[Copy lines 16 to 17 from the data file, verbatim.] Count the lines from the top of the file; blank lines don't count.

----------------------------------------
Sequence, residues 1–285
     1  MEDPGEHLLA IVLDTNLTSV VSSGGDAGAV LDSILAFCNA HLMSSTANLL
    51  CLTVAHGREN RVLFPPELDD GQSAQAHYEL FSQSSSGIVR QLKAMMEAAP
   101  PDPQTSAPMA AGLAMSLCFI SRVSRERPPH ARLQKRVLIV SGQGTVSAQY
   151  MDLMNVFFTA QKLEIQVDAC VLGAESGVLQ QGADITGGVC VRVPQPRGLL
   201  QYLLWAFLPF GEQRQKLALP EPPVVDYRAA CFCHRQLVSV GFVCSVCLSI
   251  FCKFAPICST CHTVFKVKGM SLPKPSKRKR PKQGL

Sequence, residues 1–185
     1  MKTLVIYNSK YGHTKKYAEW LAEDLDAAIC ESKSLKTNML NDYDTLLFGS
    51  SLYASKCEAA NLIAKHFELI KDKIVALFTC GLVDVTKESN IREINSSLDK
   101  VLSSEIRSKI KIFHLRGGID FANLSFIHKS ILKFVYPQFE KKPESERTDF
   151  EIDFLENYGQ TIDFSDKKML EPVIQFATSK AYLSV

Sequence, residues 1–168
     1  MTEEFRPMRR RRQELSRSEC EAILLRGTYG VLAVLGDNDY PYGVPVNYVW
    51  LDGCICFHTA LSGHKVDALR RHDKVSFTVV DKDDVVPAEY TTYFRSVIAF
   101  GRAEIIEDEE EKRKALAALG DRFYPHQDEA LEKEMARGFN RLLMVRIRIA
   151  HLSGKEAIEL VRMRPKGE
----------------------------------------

   101  GRAEIIEDEE EKRKALAALG DRFYPHQDEA LEKEMARGFN RLLMVRIRIA
   151  HLSGKEAIEL VRMRPKGE